Nico Ravanilla   


Nico Ravanilla is a candidate in the Joint PhD Program in Political Science and Public Policy at the University of Michigan. His research interests include political economy and governance. His works cover a variety of topics including distributive politics, accountability, migration, political economy of religion, and political networks. His regional area of specialization is Southeast Asia, particularly the Philippines. Methodologically, he conducts randomized controlled trials in field settings, and uses novel datasets to analyze causal questions in political economy and governance. He received a BS and MA Economics at the University of the Philippines, and, as a Fulbright Scholar, an MA Economics at the University of Michigan.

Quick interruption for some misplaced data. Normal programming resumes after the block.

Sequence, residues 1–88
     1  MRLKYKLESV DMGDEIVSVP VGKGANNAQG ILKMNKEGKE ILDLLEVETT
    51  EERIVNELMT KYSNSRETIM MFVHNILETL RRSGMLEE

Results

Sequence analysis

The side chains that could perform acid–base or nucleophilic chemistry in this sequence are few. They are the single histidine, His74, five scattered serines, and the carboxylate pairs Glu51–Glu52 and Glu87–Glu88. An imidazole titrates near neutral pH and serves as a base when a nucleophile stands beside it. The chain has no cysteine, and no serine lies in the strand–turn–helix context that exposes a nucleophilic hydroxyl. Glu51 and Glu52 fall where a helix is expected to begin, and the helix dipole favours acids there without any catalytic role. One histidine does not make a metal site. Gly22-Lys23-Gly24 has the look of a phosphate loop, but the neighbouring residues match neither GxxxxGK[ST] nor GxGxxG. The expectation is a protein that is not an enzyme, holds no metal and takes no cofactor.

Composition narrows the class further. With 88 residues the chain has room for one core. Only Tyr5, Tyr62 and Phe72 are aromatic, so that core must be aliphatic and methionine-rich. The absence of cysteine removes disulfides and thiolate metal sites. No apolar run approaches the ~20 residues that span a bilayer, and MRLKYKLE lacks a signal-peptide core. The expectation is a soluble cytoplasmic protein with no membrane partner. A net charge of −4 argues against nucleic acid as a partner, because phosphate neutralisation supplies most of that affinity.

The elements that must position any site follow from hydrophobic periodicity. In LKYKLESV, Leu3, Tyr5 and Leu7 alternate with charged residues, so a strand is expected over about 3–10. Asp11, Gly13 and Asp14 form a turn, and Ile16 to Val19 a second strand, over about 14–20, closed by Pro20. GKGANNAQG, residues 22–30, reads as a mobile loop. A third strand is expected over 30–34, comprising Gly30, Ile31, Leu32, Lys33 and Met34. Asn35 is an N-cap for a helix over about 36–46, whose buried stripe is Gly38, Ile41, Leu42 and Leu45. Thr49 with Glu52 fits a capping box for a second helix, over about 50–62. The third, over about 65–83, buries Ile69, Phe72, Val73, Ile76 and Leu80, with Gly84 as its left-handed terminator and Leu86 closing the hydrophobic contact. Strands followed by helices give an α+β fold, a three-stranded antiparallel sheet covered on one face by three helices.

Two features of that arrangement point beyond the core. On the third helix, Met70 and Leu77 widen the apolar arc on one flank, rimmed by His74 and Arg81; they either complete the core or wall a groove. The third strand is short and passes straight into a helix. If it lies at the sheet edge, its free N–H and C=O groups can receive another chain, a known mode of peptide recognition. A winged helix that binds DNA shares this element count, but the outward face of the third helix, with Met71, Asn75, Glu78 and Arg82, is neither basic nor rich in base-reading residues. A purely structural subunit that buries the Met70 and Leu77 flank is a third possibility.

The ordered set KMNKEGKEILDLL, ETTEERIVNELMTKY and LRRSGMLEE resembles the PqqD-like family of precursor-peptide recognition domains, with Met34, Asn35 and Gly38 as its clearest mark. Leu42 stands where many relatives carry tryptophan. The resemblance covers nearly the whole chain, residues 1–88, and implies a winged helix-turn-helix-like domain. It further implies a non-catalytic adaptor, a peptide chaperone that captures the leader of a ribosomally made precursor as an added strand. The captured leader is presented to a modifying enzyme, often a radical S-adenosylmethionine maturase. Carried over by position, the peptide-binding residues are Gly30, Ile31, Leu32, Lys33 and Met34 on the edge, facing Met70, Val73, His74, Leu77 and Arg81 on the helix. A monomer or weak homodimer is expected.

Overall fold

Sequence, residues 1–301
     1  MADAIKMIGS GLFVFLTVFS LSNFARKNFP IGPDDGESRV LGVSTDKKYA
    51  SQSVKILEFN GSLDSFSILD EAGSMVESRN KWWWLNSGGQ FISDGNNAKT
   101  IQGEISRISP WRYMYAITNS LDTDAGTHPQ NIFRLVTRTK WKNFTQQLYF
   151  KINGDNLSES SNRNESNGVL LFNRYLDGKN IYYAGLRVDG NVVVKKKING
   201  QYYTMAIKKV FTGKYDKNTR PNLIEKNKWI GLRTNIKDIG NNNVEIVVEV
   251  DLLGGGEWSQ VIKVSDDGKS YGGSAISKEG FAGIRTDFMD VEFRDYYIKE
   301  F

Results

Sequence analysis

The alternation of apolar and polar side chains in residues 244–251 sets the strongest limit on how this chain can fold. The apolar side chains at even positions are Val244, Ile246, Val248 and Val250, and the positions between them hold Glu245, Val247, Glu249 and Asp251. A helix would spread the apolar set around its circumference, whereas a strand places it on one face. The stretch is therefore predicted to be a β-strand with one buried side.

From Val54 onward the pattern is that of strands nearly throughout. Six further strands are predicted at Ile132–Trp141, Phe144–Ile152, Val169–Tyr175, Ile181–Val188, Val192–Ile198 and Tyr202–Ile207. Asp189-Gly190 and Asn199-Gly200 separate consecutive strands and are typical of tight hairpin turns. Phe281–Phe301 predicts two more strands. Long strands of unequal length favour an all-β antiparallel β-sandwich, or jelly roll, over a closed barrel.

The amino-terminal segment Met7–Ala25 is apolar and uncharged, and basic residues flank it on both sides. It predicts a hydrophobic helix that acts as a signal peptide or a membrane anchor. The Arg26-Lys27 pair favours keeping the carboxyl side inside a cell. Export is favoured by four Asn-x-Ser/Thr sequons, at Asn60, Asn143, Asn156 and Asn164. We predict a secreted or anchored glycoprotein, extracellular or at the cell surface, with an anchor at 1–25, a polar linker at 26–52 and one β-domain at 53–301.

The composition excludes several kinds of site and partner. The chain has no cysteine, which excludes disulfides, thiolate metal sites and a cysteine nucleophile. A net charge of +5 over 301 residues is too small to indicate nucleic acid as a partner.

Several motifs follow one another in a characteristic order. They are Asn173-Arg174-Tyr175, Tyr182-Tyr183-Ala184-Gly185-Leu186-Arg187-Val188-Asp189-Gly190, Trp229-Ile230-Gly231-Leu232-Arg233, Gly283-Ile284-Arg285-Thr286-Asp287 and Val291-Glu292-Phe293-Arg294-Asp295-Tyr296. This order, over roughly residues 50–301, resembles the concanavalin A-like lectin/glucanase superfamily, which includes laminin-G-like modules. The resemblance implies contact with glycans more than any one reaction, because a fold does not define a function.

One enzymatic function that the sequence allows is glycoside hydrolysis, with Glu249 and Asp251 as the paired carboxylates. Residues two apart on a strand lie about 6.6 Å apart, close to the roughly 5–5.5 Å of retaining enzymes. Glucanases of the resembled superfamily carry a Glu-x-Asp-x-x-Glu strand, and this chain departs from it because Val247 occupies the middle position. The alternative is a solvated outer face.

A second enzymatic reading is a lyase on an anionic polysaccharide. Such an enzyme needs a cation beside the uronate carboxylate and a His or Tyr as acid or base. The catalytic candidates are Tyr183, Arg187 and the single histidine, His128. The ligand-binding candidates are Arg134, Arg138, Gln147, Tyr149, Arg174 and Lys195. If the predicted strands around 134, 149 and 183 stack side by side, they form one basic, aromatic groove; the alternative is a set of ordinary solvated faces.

Hilton L. Root   


Hilton L. Root is a policy specialist in international political economy and development, and a member of the faculty at the George Mason University School of Policy, Government and International Affairs. His current research examines three related areas: (1) International Economic Policy; (2) Global Development; and (3) Asia’s Global Engagement. Other academic appointments include: a visiting Professor at King’s College London, visiting Senior Fellow at the Institute for Economic Affairs (IEA) London, faculty member at the California Institute of Technology, University of Pennsylvania, and Stanford University, Freeman Visiting Professor of Economics at Pitzer College, and Senior Fellow at Claremont Graduate University. Dr. Root  was Director and Senior Fellow of Global Studies at the Milken Institute, and Senior Research Fellow and Director of the Initiative on Economic Growth and Democracy at the Hoover Institution. 
 

Ma. Rosel S. San Pascual